International congress on yeasts edition:11th location:Rio De Janeiro, Brazil date:15-20 August 2004
Although much correlative evidence is available, the precise determinants of freeze resistance in Saccharomyces cerevisiae are largely unknown. Genome-wide gene expression analyses of freeze-resistant and -sensitive strains have previously revealed a correlation between freeze resistance and expression of aquaporin encoding genes1. This relationship was confirmed by deletion and overexpression of AQY1 and AQY2, reducing and enhancing yeast freeze tolerance, respectively. Rapid osmotically driven water efflux upon freezing was suggested to reduce intracellular ice crystal formation and resulting cell damage. Aquaporin overexpression also improved maintenance of viability of industrial strains, without affecting commercially important characteristics. Unfortunately, further testing of the aquaporin overexpression strains in industrial conditions revealed no improvement of freeze tolerance in comparison with the control strain.
We now show that the difference in freezing rate is apparently responsible for the discrepancy between these results. Application of different cooling rates indicate that at high cooling rates aquaporin overexpression significantly improves survival while at low cooling rates the effect is much less pronounced. Differences in cultivation conditions as well as thawing rate do not seem to influence freeze tolerance in the conditions tested. Mazur and co-workers have postulated that survival after freezing is mainly affected by two factors -cellular dehydration and intracellular ice crystal formation- oppositely depending on the cooling velocity2. In accordance with this so-called two-factor hypothesis of freezing injury, we suggest that water permeability is limiting, and therefore aquaporin function advantageous, mainly in rapid freezing conditions. This finding probably hampers the use of aquaporin-mediated improvement of freeze tolerance for the development of freeze-resistant baker's yeast strains for frozen dough applications.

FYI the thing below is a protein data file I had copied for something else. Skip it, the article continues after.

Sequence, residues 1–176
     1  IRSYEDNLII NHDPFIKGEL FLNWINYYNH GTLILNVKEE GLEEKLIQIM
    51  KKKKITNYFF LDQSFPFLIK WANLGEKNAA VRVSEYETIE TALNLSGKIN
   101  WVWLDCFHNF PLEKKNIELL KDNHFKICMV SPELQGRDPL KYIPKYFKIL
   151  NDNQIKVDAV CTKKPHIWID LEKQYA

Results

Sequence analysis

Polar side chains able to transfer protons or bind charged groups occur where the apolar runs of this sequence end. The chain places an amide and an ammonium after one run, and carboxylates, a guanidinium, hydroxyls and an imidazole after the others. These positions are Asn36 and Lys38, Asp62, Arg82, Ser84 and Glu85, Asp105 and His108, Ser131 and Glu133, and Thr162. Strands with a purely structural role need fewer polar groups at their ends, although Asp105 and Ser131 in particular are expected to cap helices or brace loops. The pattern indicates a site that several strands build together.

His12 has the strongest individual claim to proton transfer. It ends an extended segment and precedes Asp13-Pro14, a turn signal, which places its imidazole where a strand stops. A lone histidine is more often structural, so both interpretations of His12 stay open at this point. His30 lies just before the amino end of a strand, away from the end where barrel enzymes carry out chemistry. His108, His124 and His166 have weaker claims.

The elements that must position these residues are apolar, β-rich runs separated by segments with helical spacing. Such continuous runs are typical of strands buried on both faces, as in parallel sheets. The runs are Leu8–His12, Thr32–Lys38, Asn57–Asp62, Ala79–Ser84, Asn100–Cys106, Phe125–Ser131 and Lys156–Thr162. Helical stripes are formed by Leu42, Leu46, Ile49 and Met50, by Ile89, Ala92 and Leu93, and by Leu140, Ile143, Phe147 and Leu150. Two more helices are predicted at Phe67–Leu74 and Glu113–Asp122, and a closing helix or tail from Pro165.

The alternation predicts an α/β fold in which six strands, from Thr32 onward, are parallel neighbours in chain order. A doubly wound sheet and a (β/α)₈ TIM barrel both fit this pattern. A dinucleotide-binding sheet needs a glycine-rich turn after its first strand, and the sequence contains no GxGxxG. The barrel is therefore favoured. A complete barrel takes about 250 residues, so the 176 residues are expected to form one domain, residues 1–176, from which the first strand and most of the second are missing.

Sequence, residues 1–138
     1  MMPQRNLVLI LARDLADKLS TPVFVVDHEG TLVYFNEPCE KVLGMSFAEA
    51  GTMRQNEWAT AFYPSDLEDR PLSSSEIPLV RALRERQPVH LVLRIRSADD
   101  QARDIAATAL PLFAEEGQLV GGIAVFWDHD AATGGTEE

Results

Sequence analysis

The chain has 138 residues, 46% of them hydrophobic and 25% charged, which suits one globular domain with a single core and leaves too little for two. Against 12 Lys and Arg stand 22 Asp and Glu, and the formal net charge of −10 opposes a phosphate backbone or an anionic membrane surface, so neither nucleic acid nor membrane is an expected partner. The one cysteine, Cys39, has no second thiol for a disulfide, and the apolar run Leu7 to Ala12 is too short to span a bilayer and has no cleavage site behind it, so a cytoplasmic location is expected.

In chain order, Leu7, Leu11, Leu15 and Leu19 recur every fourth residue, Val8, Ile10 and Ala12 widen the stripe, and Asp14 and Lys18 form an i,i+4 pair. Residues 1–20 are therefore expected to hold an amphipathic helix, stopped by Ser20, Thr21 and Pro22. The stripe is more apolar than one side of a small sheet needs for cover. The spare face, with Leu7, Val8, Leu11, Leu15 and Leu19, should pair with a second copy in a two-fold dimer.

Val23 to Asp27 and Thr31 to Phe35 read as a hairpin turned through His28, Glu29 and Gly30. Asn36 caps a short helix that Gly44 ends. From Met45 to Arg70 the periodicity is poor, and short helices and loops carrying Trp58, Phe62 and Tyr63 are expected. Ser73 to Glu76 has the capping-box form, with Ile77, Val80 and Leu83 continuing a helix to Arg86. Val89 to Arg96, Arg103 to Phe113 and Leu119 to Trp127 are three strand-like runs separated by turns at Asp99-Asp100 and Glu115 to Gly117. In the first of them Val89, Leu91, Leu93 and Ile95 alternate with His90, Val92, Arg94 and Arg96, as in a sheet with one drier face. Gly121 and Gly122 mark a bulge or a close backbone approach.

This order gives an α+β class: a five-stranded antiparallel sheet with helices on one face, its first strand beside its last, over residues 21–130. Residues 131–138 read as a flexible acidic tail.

1. Tanghe, A., Van Dijck, P., Dumortier, F., Teunissen, A., Hohmann, S. and Thevelein J.M. Aquaporin expression correlates with freeze tolerance in baker’s yeast, and overexpression improves freeze tolerance in industrial strains. Appl. Environm. Microbiol. 68, 5981-5989, (2002).
2. Mazur, P. Cryobiology: the freezing of biological systems. Science 168, 939-949, (1970)